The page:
Rethinking The Book, The Story, Information And Storytelling.
We drool over and treasure beautifully illustrated children’s books, but are we showing more interest in those books than our children? The most captivating books for young children are not always what we expect. Why do we make a bee-line for the children’s section at the library or select for them only age appropriate children’s books?
Collecting Memorable Play Experiences
Children play to learn but they are also playing for fun. How much of childhood play do we remember later in life and what type of play creates the best memories? How do these experiences contribute to who we become?
It’s not just about open-ended play opportunities to nurture creativity, but also about letting children hold onto their ‘favourites’ that allow play to evolve and grow with them. Maybe even sparking deeper creative connections later in life.
Blu-Tack And Discovering How To Share Ideas
Yesterday I purchased a kids world map and my son watched curiously as I used Blu Tack to hold it in place. This was nothing new to me, but he had discovered Blu Tack. A squishy reposition-able reusable adhesive. He quite obviously wanted to try it out.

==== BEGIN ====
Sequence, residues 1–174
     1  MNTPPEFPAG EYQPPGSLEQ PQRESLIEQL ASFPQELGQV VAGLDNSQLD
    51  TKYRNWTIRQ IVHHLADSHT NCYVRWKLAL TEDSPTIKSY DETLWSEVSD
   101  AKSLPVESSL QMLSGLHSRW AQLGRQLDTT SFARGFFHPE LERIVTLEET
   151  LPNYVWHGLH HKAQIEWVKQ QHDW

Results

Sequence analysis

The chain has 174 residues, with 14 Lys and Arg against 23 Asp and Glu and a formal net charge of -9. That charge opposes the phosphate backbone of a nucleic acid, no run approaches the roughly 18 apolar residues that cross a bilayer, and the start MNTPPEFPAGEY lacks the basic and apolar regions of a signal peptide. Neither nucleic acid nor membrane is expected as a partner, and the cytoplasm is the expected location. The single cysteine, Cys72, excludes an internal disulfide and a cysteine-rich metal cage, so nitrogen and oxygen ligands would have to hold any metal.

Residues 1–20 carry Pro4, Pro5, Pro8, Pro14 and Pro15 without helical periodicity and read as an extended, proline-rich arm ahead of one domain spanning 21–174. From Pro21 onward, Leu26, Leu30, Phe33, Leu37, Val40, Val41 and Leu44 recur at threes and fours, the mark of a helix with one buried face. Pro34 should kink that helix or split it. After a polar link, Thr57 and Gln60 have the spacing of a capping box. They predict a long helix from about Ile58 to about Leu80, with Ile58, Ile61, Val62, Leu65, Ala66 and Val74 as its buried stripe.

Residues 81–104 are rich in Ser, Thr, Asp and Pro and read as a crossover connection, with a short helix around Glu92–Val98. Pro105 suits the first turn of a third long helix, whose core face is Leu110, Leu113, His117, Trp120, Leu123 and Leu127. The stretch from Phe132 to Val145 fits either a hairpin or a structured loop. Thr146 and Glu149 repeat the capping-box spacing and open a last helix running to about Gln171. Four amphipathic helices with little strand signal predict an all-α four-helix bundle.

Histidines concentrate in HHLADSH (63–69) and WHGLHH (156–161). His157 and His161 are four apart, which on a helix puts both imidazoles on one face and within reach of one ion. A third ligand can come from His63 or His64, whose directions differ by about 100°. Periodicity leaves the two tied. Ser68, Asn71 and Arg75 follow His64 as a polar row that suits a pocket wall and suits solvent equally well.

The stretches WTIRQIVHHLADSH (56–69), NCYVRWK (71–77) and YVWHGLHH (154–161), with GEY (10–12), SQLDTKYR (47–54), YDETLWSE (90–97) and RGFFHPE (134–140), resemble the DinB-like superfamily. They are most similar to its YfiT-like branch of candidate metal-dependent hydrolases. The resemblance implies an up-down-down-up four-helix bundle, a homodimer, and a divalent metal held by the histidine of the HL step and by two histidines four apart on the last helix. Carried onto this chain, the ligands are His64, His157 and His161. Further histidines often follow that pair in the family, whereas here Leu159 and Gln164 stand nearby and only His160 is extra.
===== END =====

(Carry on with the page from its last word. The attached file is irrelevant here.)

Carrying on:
Within a couple of hours he had made up a make-shift desk in his room and created dozens of drawings, lots of robot plans, rocket launchers and other vehicles which he had carefully stuck to his bedroom wall with Blu Tack. He would draw an improved version and replace an earlier one, editing and refining his set of ideas. He requested more Blu Tack, and eventually asked me to come down and see what he had created.
His wall was covered and he was proud - he was sharing his ideas, telling me stories about the robots that he developed in his mind as he drew the pictures. His room had become rich with imagination.
Communicating With Design Thinking
Designer’s share their ideas and brainstorm in this manner. Dozens of thoughts, building off other ideas, quick fast sketches- quality of idea not quality of drawing, sharing, presenting, evaluating and refining. There’s no hiding of ideas, no protective attitudes or precious ideas, but an open free-flowing method and communication tool. This is a core element of the design process and innovative thinking.
Why doesn’t this skill stay with us?
How can we support and encourage our children to continue ideating like this as they grow up?
Why should we feel judged and feel self conscious of our ideas?
Shouldn’t this skill be a tool for sharing and communicating ideas for everyone?